Samsung on Tuesday announced it has begun mass producing 16-gigabyte (GB) low power DDR5 (LPDDR5) mobile DRAM packages that will the next generation of premium smartphones. The memory maker is the first the mass produce these parts, just as it was when it began mass producing 12GB LPDDR5 packages in July of last year. The move to 16GB LPDDR5 packages not only brings more capacity, but faster speeds as well. According to Samsung, this will help enable cutting edge technologies, and in particular enhanced 5G experiences and artificial intelligence (AI) workloads. Specifically, Samsung pointed to "graphics rich gaming and smart photography" as being beneficiaries of its new memory packages. In terms... Read more...
Good news folks, the era of DDR5 memory is upon us, let's all celebrate! Well, sort of—you may want to buy the cheap champagne instead of the good stuff. Micron announced it is mass producing the world's first low power DDR5 DRAM (LPDDR5), which will find its way into high-end smartphones starting with Xiaomi's Mi 10. Apologies if we got you excited about DDR5 infiltrating the PC landscape—that will have to wait for another day (though it's coming). For now, LPDDR5 is bound for the mobile segment, and with comes "superior power efficiency" and faster speeds to keep pace with gains in artificial intelligence and 5G connectivity technologies. "Micron’s leadership in delivering... Read more...
The name "Flashbolt" sounds like it could be a comic book superhero, or a spell you cast when running up against some ruffians in a role playing game. Neither of those things are what Samsung had in mind when launching Flashbolt, which is actually its third-generation high bandwidth memory 2E (HBM2E) designed for high performance computing (HPC) applications. Samsung's unveiling comes hot on the heels of JEDEC publishing an updated revision of the HBM2 standard called JESD235C. The updated standard pushes speeds to 3.2Gbps per pin, paving the way for 410GB/s of memory bandwidth per stack. And so it goes with Samsung's new Flashbolt solution, which adheres to those specs. "With the introduction... Read more...
If you are on the fence about pouncing on a graphics card upgrade, you may want to go ahead pull the trigger. For one, the GPU is the most important component when it comes to playing games, and trying to get by with an old and outdated card can mean having to constantly fiddle with in-game settings. However, there potentially is a more pressing reason to upgrade—higher prices on the horizon. We are not sounding the alarm by any means. However, market research firm TrendForce, a division of DRAMeXchange, is expecting a "sharp upturn" in graphics DRAM prices in the first quarter of 2020 (unlike PC DRAM). Analysts say server DRAM prices will lead the upwards trend in pricing due to supply... Read more...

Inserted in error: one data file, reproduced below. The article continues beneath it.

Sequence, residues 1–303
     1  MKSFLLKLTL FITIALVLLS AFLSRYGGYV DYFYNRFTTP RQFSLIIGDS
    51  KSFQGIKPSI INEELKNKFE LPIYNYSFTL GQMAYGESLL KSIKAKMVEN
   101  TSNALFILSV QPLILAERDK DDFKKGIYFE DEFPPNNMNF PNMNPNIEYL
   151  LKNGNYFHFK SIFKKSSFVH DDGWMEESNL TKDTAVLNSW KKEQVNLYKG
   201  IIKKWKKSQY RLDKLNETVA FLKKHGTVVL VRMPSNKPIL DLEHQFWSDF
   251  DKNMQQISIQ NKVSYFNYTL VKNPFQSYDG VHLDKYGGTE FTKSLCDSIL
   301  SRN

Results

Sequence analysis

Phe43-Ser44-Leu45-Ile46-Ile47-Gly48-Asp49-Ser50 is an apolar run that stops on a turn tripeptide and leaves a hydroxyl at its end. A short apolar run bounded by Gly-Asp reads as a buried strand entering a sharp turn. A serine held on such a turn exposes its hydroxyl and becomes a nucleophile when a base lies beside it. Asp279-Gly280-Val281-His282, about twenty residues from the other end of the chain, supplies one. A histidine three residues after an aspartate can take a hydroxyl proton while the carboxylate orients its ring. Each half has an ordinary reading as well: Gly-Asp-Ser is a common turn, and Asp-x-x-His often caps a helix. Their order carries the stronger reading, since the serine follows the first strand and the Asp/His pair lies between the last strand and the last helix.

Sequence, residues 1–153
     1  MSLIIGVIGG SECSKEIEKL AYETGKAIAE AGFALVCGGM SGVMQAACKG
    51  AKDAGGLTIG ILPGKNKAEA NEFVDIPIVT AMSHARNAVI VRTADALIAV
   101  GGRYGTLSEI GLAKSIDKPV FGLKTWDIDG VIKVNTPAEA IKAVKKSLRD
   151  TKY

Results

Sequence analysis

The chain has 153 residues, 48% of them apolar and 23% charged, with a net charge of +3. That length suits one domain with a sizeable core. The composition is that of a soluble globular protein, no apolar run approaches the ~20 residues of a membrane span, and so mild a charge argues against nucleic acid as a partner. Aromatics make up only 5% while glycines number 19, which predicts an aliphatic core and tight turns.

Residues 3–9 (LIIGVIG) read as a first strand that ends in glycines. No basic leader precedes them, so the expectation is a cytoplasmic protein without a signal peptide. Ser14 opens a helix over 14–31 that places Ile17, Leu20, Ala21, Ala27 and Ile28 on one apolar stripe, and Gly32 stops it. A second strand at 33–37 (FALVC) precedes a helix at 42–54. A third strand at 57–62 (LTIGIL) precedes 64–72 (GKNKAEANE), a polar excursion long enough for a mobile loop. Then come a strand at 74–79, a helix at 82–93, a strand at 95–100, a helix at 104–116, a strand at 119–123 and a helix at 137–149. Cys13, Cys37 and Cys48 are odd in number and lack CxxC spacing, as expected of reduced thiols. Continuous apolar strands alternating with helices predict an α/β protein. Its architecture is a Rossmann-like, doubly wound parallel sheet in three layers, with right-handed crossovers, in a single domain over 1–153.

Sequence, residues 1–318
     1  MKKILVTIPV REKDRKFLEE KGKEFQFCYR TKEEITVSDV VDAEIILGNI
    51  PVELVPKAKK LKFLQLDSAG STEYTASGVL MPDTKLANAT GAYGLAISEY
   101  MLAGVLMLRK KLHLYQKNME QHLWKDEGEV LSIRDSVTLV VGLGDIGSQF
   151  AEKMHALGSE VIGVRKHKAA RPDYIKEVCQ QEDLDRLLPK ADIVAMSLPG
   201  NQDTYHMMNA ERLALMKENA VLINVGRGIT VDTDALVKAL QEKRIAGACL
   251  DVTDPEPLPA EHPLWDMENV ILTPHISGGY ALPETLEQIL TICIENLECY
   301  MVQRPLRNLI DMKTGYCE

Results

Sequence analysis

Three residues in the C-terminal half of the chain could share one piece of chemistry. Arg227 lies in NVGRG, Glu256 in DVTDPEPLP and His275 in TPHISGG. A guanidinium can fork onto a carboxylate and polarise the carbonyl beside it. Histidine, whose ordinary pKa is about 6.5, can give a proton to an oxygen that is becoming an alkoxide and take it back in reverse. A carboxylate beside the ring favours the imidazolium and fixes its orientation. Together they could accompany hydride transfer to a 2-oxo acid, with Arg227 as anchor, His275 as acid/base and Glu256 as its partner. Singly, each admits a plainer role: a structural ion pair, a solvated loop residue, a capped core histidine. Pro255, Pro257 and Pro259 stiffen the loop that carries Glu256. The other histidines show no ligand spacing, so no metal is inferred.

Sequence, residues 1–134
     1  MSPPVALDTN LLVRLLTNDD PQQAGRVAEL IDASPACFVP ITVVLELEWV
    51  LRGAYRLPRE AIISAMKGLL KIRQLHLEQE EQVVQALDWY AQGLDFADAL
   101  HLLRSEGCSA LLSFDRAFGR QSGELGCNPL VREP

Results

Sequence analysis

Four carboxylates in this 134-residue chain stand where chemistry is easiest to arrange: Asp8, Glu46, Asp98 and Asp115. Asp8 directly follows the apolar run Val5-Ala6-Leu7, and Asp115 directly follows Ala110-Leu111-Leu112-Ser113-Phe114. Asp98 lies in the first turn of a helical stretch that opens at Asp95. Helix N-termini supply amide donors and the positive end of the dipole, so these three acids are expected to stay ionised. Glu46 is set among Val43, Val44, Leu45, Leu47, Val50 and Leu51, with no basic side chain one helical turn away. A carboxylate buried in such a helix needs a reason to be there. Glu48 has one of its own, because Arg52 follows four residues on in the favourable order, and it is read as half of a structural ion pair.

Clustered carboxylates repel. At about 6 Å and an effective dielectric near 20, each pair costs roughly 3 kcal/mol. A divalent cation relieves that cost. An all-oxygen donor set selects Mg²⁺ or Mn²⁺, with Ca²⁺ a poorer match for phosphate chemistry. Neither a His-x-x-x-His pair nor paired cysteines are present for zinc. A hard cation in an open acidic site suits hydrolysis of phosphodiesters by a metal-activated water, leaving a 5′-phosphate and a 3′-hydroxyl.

For the average user, 32GB of RAM is a lot (the sweet spot is generally considered to be half as much). Be that as it may, G.Skill is introducing a handful of new high capacity, high performance DDR4 memory kits consisting of multiple 32GB modules, offering a total capacity of up to a whopping 256GB. That might even be enough to satiate Chrome! It's certainly brag-worthy, though whether or not 256GB of system memory makes sense depends entirely on what kinds of things you are doing. For gaming, 256GB is excessive and not worth the cost (those dollars could be better spent on a high end GPU). But for heavy content creation or certain workstation chores, like running multiple virtual machines,... Read more...
SK Hynix is not the first company in the world to develop an HBM2E DRAM product—that distinction belongs to Samsung, which announced HBM2E DRAM of its own back in May—but the company is retaining bragging rights nonetheless. That's because SK Hynix's new HBM2E DRAM sports the industry's highest bandwidth. According to SK Hynix, its new HBM2E product can top 460 gigabytes per second (GB/s), based on 3.6 gigabits per second (Gbps) performance per pin with 1,024 data I/Os. That is a 50 percent jump over HBM2. It also scales to twice the capacity, paving the way for 16GB solutions by way of stacking eight 16Gb chips in a dense package. SK Hynix sees its HBM2E DRAM being used in a variety... Read more...
Samsung Electronics is a name that many most closely associate with smartphones like the Galaxy Note 10 that has leaked multiple times and the current Galaxy S10e, S10, and S10+. However, Samsung also sells lots of hardware components to device makers, particularly memory chips. Much of the profits the company earns are tied to memory chip sales, and those profits have dropped more than 50%. Memory chip prices have plummeted recently and have taken Samsung's profits along for the ride. Samsung Electronics recently reported its profits for the quarter that ended in June. Samsung says that operating profits from the quarter were 6.6 trillion won, or about $5.6 billion. That is a decline of 55.61%... Read more...
Samsung has started mass producing high capacity 12-gigabit (Gb) LPDDR5 memory that will find its way into flagship smartphones, the company announced on Thursday. According to Samsung, the new memory chips are optimized for enabling 5G connectivity and artificial intelligence features future phones. That is really a topical way of saying the new premium memory chips are faster than the previous generation. They are also more power efficient, using up to 30 percent less power by way of a new circuit design with enhanced clocking, training, and a low-power feature, Samsung says. "With mass production of the 12Gb LPDDR5 built on Samsung’s latest second-generation 10-nanometer (nm) class process,... Read more...